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32 Native proteinase K (1.0 nM) were incubated with different concentrations of thrombin substrate (from 0.05 to 1.0 M) in a phosphate buffered saline solution (1 mL; phosphate, 10 mM; NaCl, 0.154 M ; KCl, 0.005 M; CaCl 2 0.001 M; MgCl 2 0.001 M; Glycerol, 5%; and Tween 20, 0.01% ; pH 7.4 ) for 2 4 and 6 hr at 37 C Then the solutions were measured through UV Vis absorption spectroscopy at 405 nm (thrombin substrate, Ala Gly Arg p nitroanilide, 0.5 mM) Result s and Disc ussion Proteinase K Loading Determination The average number of proteinase K molecules loaded onto a single nanozyme was deter mined by a subtraction method. The total amount of proteinase K molecules loaded on to gold nanoparticles in a synthesis batch was determined by subtracting the amount of unloaded proteinase K molecules from the amount of proteinase K molecules added initially. This total loading amount was then divided by the total number of nanozymes in the solution, yielding the average number of proteinase K per single nanozyme The number of nanozymes was determined by using UV Vis absorption 10 8 M 1 cm 1 ). The amount of unloaded proteinase K in a reaction solution was determined by measuring the proteinase K act ivity of the supernatant resulted after removal of nanozymes ( Table 3 1). A typical proteinase K activity measurement was performed according to the literature method, in which succinyl Ala Ala Ala p nitroanilide (at 410 nm) was used as the substrate 95 Th en the amount of proteinase K molecules was obtained using a standard proteinase K activity curve (Initial reaction rate as a function of proteinase K concentration: 0 .05, 0.07, 0.1, 0.12 and 0. 15 M were chosen, Figure 3 4 ).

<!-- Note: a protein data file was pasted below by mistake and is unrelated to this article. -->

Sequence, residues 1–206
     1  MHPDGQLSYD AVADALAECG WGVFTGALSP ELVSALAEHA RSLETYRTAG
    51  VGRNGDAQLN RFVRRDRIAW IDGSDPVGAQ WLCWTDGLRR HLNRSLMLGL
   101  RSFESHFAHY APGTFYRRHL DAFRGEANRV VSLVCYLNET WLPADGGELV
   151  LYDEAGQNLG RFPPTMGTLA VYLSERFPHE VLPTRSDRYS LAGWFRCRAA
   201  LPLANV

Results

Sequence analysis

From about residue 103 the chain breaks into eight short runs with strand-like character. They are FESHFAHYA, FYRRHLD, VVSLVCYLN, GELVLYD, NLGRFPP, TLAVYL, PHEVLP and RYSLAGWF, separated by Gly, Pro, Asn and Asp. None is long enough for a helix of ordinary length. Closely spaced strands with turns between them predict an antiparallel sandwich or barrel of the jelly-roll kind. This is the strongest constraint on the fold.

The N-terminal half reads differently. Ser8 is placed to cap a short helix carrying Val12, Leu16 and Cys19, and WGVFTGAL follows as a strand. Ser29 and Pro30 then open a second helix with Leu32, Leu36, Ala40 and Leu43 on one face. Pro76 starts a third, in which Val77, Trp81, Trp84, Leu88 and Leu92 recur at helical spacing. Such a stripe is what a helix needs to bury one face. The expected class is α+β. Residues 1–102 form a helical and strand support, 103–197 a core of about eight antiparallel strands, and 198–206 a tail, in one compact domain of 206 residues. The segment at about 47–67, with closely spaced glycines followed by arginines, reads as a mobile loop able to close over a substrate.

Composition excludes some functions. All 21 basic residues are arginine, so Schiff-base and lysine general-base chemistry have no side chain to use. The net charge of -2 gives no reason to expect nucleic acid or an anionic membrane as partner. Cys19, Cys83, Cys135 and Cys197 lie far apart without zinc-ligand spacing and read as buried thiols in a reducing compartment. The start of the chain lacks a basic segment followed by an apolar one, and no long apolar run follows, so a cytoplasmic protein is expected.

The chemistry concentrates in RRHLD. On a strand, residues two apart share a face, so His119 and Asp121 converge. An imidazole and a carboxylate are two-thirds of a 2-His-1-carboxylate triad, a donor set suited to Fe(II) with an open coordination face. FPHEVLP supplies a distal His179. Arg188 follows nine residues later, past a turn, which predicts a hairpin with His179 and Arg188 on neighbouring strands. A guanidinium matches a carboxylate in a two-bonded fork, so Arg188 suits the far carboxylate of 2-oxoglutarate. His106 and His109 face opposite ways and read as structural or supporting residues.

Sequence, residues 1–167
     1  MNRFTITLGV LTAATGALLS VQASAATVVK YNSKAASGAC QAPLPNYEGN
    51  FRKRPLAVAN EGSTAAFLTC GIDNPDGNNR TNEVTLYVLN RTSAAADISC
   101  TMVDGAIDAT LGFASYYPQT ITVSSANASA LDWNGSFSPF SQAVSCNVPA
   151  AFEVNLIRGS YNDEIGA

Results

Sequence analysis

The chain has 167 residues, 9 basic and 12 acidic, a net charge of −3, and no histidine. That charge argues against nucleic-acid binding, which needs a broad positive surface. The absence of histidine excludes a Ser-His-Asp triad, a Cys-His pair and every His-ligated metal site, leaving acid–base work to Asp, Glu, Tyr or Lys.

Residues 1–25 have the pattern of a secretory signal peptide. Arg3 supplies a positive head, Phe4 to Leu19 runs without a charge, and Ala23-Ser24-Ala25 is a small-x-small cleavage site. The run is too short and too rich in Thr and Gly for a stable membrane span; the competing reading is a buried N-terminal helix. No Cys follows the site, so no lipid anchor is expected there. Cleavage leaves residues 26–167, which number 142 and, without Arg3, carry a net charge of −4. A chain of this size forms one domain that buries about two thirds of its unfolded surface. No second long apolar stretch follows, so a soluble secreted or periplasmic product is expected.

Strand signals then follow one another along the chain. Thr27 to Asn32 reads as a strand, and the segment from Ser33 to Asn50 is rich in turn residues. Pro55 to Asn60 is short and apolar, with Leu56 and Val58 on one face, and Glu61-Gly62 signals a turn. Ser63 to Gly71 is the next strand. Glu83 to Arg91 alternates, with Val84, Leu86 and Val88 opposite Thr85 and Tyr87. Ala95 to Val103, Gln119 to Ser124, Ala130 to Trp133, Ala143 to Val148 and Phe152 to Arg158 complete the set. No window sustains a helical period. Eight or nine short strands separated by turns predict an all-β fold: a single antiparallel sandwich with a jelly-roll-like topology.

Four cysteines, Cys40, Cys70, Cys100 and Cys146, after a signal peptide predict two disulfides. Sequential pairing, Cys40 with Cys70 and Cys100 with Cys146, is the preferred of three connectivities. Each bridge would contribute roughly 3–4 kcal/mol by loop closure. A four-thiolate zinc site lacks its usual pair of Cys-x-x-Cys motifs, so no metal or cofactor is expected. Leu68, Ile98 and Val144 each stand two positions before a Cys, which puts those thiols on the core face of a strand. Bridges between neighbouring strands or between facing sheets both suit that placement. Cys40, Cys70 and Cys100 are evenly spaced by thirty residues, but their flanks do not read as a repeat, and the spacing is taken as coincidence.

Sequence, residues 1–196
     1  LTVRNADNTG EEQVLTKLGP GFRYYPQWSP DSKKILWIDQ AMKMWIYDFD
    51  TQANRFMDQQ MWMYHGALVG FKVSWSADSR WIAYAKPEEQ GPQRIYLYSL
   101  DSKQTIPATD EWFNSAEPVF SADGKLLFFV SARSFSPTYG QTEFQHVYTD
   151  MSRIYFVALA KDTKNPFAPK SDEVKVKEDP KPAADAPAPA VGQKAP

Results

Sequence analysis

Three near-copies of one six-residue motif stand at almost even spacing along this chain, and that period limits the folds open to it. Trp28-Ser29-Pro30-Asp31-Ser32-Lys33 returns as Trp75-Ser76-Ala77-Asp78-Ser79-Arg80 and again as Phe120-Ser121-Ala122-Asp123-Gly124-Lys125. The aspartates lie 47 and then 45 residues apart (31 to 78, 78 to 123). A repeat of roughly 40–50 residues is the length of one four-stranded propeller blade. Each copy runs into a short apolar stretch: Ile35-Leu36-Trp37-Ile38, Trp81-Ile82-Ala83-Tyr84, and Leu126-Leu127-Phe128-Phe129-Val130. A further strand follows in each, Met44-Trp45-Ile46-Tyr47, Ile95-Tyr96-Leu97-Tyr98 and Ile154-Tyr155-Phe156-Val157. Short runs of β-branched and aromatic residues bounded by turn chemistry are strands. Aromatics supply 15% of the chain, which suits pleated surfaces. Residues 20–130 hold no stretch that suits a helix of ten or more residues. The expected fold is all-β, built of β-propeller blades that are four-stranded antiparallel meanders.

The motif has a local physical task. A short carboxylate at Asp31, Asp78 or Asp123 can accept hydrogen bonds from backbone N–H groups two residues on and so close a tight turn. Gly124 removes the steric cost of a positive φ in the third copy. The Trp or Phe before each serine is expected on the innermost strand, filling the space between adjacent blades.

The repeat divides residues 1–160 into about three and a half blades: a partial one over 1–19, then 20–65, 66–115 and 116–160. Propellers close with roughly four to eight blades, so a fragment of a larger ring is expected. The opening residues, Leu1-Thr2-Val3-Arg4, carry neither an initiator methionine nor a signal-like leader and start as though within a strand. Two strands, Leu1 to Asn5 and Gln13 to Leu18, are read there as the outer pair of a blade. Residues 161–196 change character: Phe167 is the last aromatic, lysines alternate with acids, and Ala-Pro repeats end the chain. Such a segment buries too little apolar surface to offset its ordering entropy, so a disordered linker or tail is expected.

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33 Nanozyme activity to thrombin To assess the nanozymes activity to a target molecule, thrombin, an in vitro proteinase K assay was performed by using gold nanoparticle which is modified with proteinase K, 15mer thrombin aptamer (GGT TGG TGT GGT TGG T20) and PEG (MW 1000). In this study, a nanoparticle as the backbone of nanozymes was used to provide a large surface area to hold protease and DNA oligonucleotides at close proximity. The recognition group could selectively bind to targets of interest, and bring them to the nearby enzymes fo r reaction, and therefore, well designed recognition group make nanozymes exhibit extraordinary high target selectivity. Proteases are the catalytically active components of nanozymes, while DNA oligonucleotides function as the components responsible for t arget recognition and direct the prote ases to cleave target proteins (Figure 3 5 ) Nanozymes for thrombin target can be used as a class of a novel agent for thrombin inhibitor to regulate blood coagulation in the body. An activated nanozyme can sequence se lectively cleave thrombin, and is expected to prevent blood coagulation. In a typical experiment, a thrombin solution (0.03 M, pH 7.4) was mixed with a solution of nanozymes (0.03 OD/mL), in the resulting solution is 0.15 nM. This mixture was incubated at 37 C and centrifuged for removal of reacted nanozymes. The supernatants were measured through UV Vis absorption spectroscopy at 405 nm (thrombin substrate, Ala Gly Arg p nitroanilide, 0.5 mM) for every 1 hour reaction. Under the certain concentration of nanozymes and thrombin, after first two hours, nanozymes degrade thrombin linearly, and then nanozyme efficiency was reduced gradually du e to limited amount of thrombin ( Figure 3 6 )